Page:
Granted, maybe the problem wasn't all me. I really dislike oakiness and, for a long time, too many Spanish wines were slathered in (American) oak. And I don't like oxidation, which marred too many Spanish wines, white and red, for too long. (To this day, I don't care for Sherry.)
So maybe it wasn't just me. Nevertheless, Spain has long issued extraordinary wines, and for whatever reason I wasn't available to them. Big mistake.
Books I Should Have Written. Now here's a Wine Road Not Taken. Every author has more books in him or her than ever actually get written. Partly it's a matter of time. Partly it's a matter of the marketplace. Writing a book—a good one, anyway—is exhausting. There are only so many you can put forth, especially if they don't make money.
Still, even after eight books there are Wine (Book) Roads Not Taken. France's Loire Valley is one of them. I love Loire wines, and that's a book I would have liked to pursue. And even though I wrote a cookbook on Piedmontese cuisine, I never wrote a companion work on Piedmont's extraordinary wines.
Yet other places call out for what might be called an "outsider's view," such as Australia (not just the wines, but also their complicated culture); New Zealand (no nation has rocketed in wine quality so quickly); California (no nation, which is what California really is, keeps changing so rapidly or thoroughly); and Portugal (it's the sleeper among the world's great wine sources).
And, Not Least, Roads of No Regret. It's worth remembering the wine roads you did take—and rightly so. Here my list is long, if only because I had so many opportunities afforded me.
One road ultimately took me to all others: Burgundy. This was not just because of a love of Pinot Noir, but because of Burgundy's profound foundational philosophy of the primacy of terroir. I embraced it as my own, and I'm grateful for it every day. It changed my life.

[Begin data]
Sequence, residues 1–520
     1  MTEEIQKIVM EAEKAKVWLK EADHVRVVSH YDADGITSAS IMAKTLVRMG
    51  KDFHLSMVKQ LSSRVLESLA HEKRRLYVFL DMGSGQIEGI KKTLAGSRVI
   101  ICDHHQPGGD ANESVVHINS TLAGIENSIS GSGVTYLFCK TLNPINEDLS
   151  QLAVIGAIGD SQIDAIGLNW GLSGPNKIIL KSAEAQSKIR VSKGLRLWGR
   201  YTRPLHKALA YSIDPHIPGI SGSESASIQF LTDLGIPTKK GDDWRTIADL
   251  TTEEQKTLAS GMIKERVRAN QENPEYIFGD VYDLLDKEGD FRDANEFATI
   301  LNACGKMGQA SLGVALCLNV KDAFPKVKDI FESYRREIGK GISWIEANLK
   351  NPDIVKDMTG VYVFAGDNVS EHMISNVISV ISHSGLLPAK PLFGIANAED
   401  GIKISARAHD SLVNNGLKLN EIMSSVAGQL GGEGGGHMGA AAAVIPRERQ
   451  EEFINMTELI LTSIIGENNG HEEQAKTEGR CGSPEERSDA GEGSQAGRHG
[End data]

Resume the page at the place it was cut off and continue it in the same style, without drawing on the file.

Italy too was, and is, a major road taken. And I think everyone else should take it too. Why? Partly because the Italians themselves are quite wonderful, maddening though their systems may be to navigate. But more so because Italian wines tell us by their sheer variety, number and originality what wine at every level—from everyday to special occasion—can be. No nation, not even France, explodes with such wine wonderment as Italy.
And then there is California. Something about the place seems to breathe an invigorating air of opportunity. Every time I try yet another lookalike, taste-alike California Cabernet or Chardonnay, I despair.
Yet no sooner does that occur than I come across a producer or vineyard issuing something remarkable and utterly individual. To take the California road is to travel to an exotic land. California and its wines embody that uniquely American belief that "the future is your friend."
I'll leave it to you to consider your own Wine Roads Not Taken. For some, I'm sure that that involves a vineyard or winery. For others, I'd guess it's your own wineshop, or becoming a sommelier or restaurateur.
Your thoughts are, as always, warmly welcomed.